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SWOT Goals/Analysis. We are not talking about eradicating bugs, but a tool that can help you strengthen your business.

As the owner of your business, it can be extremely difficult to remove yourself from the day-to-day activities and view your business from a “30,000’ view.” Having that outside view allows you to get a more accurate picture of where your company stands right now and where it needs to go.
 
One very effective tool that is extremely helpful during any strategic planning process is the SWOT Analysis. SWOT stands for Strengths, Weaknesses, Opportunities, and Threats.

Environmental Review

The SWOT Analysis begins with an environmental review. The environmental review takes into account all internal and external factors that impact your business. As you can see by the chart below, Strengths and Weaknesses are generated from your internal review (forces within your organization), and the Opportunities and Threats are generated by an external review (forces outside of your organization.)

The two boxes in the left column, Strengths, and Opportunities are also seen as forces that can positively impact your company, and the two boxes in the left column may negatively impact your company.

An internal environmental review might reveal, for example:

Strengths:

  • Competent, Dedicated Staff
  • Strong customer service orientation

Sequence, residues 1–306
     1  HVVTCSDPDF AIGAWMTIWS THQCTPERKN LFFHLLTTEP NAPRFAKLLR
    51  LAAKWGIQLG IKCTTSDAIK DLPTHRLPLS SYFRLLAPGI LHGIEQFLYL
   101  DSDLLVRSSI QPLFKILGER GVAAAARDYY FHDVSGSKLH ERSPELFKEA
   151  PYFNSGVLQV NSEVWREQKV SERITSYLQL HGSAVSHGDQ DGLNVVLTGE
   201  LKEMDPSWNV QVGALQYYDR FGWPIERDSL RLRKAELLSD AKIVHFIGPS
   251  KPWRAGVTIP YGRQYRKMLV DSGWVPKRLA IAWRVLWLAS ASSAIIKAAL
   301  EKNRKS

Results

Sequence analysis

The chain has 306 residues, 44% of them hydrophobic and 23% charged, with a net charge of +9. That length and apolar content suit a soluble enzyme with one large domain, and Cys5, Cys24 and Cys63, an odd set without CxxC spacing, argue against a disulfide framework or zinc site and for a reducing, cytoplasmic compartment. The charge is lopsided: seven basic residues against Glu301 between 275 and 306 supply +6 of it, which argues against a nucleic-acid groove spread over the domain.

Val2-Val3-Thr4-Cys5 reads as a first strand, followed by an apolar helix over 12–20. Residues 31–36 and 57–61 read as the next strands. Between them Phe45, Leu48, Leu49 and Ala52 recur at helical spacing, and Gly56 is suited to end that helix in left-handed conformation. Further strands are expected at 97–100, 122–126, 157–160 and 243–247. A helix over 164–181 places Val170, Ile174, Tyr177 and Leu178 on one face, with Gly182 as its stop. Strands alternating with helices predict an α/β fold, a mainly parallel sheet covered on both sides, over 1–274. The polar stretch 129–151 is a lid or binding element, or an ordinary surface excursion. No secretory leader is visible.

• Large well maintained customer database
  • Inventory containing strong brand names.

Weaknesses:

  • Limited hours of operation
  • Inventory control issues
  • Marketing
  • Your lack of knowledge in a particular area of business

Opportunities:

  • Better Location
  • Marketing/Joint Venture Partnerships
  • Additional product or service offerings
  • Untapped markets

Threats:

  • Competition
  • Rising costs of goods or fixed costs
  • Poor economy affecting your industry or suppliers
  • Construction on the road in front of your store

The list can be as long or as short as you need. The important thing is to think about the internal and external environment and try to foresee every SWOT. 

SWOT/TOWS Matrix

The next step is to develop the SWOT/TOWS Matrix. In other words, how to prepare for all aspects of your SWOT analysis.

In the upper left box develop strategies that will allow you to pursue opportunities that fit with your company's strengths. In the upper right box develop strategies that will allow your company to overcome weaknesses to pursue opportunities that fulfill your company's vision.
 
In the lower-left box develop strategies that use the company’s existing strengths to lessen the company’s exposure to known or perceived threats. And in the lower right box develop a strategy to keep the company's known or perceived weaknesses from making the company more susceptible to external threats.
 
With the SWOT Analysis completed you can integrate these strategies into your strategic planning to strengthen your company and achieve your annual goals. It is a good practice to conduct a SWOT Analysis annually with your staff, a mentor, or your coach. If you do it all by yourself, you may be missing some critical aspects that could harm you down the road.

SCORE Resources:

Contact SCORE today to get matched up with a Mentor who can help you through this. An outside person can see things that you may not. 

 

About the Author(s)

 Steve   Feld

Steve Feld is a Certified SCORE Mentor and a business coach.

Business Coach, Feld Business Growth
How to Strengthen Your Business by Doing a Simple SWOT Analysis